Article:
Alexandra graduated from URI in 2009 with a Bachelor of Science (B.S.) in Nutrition and Dietetics and a minor in Kinesiology. She graduated Summa Cum Laude and received the President’s Award for Student Excellence in Nutrition and Dietetics. After graduating, she started at NYU to gain her Master’s of Science in Clinical Nutrition. She completed her dietetic internship at NewYork-Presbyterian Hospital and finished her NYU degree in 2012. Now, Alexandra works at a NYC-based food, health and wellness public relations agency. She is also the Treasurer of the Dietitians in Business and Communications Dietetic Practice Group of the Academy of Nutrition and Dietetics. For students looking to follow a similar path, Alexandra recommends networking and speaking to professionals that work in the areas that interest you – especially for a less traditional path such as communications. Connecting with inspiring professionals gave her great insight into the communications field and built valuable relationships that created inroads to find opportunities in this unique line of work. She commends the URI Nutrition department for preparing her for the future and offering support throughout her time here.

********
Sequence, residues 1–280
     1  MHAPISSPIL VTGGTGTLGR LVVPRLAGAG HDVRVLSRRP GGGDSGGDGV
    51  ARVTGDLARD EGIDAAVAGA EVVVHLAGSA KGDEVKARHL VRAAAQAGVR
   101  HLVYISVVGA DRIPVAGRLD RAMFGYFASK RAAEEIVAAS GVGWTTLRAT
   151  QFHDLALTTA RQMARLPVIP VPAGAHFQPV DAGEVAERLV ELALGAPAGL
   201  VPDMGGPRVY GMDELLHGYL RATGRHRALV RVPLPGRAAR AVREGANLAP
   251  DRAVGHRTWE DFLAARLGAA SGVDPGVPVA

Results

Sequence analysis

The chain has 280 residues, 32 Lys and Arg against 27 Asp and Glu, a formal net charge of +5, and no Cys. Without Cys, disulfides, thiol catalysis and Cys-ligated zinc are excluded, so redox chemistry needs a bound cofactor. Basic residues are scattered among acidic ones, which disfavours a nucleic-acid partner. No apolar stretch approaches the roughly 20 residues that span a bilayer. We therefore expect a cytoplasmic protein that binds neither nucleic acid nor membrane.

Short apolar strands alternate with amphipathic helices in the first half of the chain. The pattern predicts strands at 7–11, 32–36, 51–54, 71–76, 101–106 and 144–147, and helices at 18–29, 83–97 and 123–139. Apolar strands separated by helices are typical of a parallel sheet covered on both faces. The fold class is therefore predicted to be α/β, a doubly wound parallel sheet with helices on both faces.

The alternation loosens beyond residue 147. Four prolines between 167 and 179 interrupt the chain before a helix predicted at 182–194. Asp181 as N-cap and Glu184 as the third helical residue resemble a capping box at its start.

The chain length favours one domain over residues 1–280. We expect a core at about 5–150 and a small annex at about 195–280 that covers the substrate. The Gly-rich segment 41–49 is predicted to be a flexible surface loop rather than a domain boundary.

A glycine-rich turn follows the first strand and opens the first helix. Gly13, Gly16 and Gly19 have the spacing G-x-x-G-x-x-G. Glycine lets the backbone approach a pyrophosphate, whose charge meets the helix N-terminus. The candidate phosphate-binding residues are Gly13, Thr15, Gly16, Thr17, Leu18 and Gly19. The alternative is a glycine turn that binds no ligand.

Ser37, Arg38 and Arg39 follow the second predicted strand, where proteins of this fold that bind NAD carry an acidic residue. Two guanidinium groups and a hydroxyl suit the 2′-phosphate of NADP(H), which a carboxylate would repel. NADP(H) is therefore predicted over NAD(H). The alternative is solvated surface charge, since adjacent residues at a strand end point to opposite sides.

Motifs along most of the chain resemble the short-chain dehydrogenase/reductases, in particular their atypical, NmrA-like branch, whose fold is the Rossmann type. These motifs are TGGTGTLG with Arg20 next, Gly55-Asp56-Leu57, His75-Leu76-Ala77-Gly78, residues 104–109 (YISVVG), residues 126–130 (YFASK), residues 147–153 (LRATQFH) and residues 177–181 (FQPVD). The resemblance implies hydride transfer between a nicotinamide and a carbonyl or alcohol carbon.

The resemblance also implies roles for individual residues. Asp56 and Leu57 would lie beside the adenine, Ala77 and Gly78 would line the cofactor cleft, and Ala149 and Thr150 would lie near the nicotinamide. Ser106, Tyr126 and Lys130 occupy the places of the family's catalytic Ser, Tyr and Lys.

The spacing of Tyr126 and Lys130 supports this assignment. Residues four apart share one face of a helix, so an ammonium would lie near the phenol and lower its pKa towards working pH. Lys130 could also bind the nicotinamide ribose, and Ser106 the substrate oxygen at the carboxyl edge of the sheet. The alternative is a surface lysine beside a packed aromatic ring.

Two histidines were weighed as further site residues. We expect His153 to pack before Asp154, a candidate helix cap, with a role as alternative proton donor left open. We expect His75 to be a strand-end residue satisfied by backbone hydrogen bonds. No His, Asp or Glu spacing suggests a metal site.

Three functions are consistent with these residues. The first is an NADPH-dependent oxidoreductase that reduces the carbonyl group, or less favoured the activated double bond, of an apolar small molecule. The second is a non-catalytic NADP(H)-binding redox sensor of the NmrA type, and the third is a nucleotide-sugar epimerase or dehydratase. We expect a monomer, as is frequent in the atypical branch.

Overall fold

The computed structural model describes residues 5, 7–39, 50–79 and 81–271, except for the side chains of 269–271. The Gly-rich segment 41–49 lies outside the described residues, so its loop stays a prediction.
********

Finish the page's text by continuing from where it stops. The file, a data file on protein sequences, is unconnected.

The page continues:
Lauren graduated from URI with her Bachelor of Science (B.S.) degree in Nutrition and Dietetics in 2020. She is currently working at Blount Fine Foods, which she began as an internship during her Senior year. Upon graduation, Blount offered her a full time position as a Technical and Regulatory Specialist. Lauren’s favorite part of her job is being a part of the process to bring new and exciting food products to market. Grocery stores across the country contain products with labels she helped to produce. Lauren claims that her time at URI taught her to be inquisitive, thorough, and detail-oriented, which are all essential qualities for her job as a Regulatory Specialist. Her advice for current undergraduate students that may not choose to complete a Dietetic Internship: ‘don’t be afraid to make your own opportunities.’ She suggests reaching out to companies that you may want to work or intern for, even if there is no formal job opening. Leading with confidence, passion, and eagerness to work and learn are qualities she believes are key for students applying for careers or internships.